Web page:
Outdoor Fire Safety
- When selecting a barbecue site, be sure there is nothing hanging overhead and that it is a safe distance from trees, buildings and other combustibles.
- When using charcoal grills, use only the lighter fluids designated for use with charcoal grills when starting your fire.
- Never use gasoline to start or quicken a fire. Immediately after using the lighter fluid, place the fluid container in its storage location. Do not set it down by the grill.
- Don't add a charcoal starter fluid to the fire after it has begun. Flames can travel up the fluid stream, back to the can, and cause an explosion.
- Always keep starter fluids in containers with child-resistant caps, and keep them out of the reach of children.
- Don't wear loose clothing or robes around charcoal grills.
- Flaming grease can ignite clothing. Keep a small spray can of water handy to douse flaming grease. A spray bottle filled with water, such as used for sprinkling clothes, is excellent for this purpose.
- The liquefied petroleum gas used to fire a home barbecue, is contained under pressure in a steel cylinder. Its contents, vaporized and in a confined area, has the explosive force of several sticks of dynamite. The wise user of LPG will be aware of the dangers involved and take precautions.
- Read the manufacturer's instructions and be sure to thoroughly understand them.
- Do not transport LPG cylinders in the trunk of a passenger vehicle.
- A filled LPG cylinder should always be transported in an upright position on the floor of a vehicle with all windows open.
- Remove the LPG cylinder from the vehicle as soon as possible. Never leave a cylinder in a parked vehicle.
- Using the proper size wrench, make sure that all connections are tight.
- Remember that fittings on flammable gas cylinders have left-hand threads, requiring effort in a counterclockwise direction to tighten.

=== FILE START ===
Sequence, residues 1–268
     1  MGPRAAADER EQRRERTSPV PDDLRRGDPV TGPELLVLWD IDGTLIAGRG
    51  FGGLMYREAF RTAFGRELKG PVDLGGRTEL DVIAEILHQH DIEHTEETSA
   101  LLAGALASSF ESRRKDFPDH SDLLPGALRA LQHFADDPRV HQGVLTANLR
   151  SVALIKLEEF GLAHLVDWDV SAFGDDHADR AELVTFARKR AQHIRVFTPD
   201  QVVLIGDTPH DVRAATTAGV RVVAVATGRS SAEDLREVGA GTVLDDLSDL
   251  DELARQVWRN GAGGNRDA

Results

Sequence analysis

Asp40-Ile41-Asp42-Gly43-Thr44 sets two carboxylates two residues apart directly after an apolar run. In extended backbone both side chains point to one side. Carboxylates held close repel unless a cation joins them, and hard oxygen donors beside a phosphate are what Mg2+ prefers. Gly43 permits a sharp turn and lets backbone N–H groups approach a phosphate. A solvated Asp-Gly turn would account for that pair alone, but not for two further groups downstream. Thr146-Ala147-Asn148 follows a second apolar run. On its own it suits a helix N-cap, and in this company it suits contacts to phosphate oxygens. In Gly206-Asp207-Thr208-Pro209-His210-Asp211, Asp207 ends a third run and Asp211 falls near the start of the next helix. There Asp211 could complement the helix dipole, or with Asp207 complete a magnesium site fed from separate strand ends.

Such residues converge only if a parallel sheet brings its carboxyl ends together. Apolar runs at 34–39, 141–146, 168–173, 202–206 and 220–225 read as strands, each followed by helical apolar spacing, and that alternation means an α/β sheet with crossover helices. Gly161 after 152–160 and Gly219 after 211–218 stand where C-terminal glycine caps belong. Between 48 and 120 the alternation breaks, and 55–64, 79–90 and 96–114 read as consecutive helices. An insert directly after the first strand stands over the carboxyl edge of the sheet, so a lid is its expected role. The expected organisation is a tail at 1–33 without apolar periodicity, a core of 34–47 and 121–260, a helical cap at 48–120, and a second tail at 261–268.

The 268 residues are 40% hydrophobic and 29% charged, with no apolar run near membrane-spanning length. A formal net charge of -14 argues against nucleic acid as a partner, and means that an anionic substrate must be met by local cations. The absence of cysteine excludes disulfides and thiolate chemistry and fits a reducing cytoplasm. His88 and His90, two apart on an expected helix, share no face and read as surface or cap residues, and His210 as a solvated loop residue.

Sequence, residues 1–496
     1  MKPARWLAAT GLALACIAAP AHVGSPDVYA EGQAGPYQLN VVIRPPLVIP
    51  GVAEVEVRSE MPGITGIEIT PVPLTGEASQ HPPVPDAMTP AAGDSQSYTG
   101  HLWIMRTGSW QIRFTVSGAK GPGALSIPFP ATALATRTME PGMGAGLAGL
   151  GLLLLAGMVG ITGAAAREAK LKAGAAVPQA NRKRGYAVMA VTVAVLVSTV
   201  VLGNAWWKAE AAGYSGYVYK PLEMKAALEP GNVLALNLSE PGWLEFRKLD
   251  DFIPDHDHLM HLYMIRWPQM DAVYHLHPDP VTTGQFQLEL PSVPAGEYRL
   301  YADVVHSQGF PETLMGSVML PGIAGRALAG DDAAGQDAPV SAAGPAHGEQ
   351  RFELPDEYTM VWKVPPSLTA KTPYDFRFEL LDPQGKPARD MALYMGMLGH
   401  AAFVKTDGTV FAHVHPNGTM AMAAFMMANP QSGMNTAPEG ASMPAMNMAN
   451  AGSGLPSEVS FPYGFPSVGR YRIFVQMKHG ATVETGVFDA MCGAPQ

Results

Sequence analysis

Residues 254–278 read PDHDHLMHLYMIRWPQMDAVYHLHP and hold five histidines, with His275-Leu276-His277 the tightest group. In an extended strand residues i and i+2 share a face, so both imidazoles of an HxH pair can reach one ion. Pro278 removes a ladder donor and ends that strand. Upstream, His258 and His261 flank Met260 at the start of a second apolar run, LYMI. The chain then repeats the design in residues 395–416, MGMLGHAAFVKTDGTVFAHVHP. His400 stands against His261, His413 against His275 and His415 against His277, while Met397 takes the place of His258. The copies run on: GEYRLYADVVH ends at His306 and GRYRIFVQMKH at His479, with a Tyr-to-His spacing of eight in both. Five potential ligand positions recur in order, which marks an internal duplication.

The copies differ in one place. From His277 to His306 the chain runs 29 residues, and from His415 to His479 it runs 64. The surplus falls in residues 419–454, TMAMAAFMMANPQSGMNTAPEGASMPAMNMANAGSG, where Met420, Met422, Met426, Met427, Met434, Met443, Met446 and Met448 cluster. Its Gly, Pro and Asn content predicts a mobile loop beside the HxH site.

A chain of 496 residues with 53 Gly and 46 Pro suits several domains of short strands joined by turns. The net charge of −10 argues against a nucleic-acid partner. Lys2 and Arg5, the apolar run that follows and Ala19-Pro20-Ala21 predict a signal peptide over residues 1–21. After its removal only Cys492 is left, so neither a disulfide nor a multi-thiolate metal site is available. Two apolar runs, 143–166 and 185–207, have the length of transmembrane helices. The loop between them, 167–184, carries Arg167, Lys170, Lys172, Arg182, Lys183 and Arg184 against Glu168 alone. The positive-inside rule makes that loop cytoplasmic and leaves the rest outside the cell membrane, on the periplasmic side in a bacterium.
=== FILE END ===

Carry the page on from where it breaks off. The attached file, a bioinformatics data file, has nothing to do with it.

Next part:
- Make sure that grease is not allowed to drip on the hose or cylinders.
- Never allow children to use a gas-fired barbecue.
- Don't be tempted by a rainy day to take outdoor cooking equipment inside - not even in a garage or on a porch or balcony. Never use a gas-fired barbecue inside any structure.
- If using a butane or propane barbecue, be sure there are no leaks from the tank or plumbing. If t a leak is suspected, spray a soapy solution of water and dishwashing detergent over the tubing, hoses and fittings. If bubbling is found, turn off the supply at the tank and call a repairman.
- When using a butane or propane barbecue, be sure to light a match first and place it in the ignition hole before turning the gas valve on.
- If the gas is turned on first, before the match is lit, flammable gas will build up inside the barbecue. When a lighted match is finally placed near the barbecue, an explosion may result.
- When done cooking, turn the gas valve off to the barbecue and shut off the supply valve at the tank.
- Never store any liquefied petroleum gas cylinder - attached to the barbecue, or spares - inside any part of a structure, including porches and balconies. Store cylinders, including those attached to barbecues, outdoors in a shaded, cool area out of direct sunlight.
- Power lawnmowers make the job much simpler than hand propelled mowers. If not used with caution, power lawnmowers can be dangerous.
- Gas-powered mowers or gasoline-powered tools such as a chain saws, should have the condition of the muffler checked at the beginning of the season.
- Spark arresters on mufflers should be considered in areas where dry grass is common. Hot gasses from defective mufflers will ignite dry grass, and grass is often dry in Southern California.
- Never refuel power tools when the engine is running and never refuel it inside a tool shed or a garage. Refuel only outside, in well-ventilated areas.
- Once the engine has been fueled, wipe up gasoline spills because the vapors can travel along the ground. Starting the motor may ignite the standing fuel or vapors. For this reason, move at least 10 feet away from the fueling spot before starting the motor.
- Cool the motor before refueling.
- Never smoke when using gasoline. Invisible fumes from the gasoline can seek out a spark or flame from as far as 50 feet away.
- Keep away from cigarettes, water heater pilot lights and any flames if you're handling gasoline.
- Store gasoline in a ventilated area in tightly closed cans away from children, sparks or flame source.
Boating enthusiasts look forward to getting their craft in the water and may forget that fire hazards exist on boats, too.
- Never smoke at fuel docks or while fueling boats.
- Make sure to have a Coast Guard-approved fire extinguisher on board your vessel and know how to use it.
- Always make sure that bilge fans are functioning to remove fuel fumes prior to starting the boat's engine. Those fumes have caused explosions.
- After painting and refurbishing operations, safely discard all oily and paint-filled rags. Never store these rags on board your boat as they can generate heat spontaneously and may self-ignite.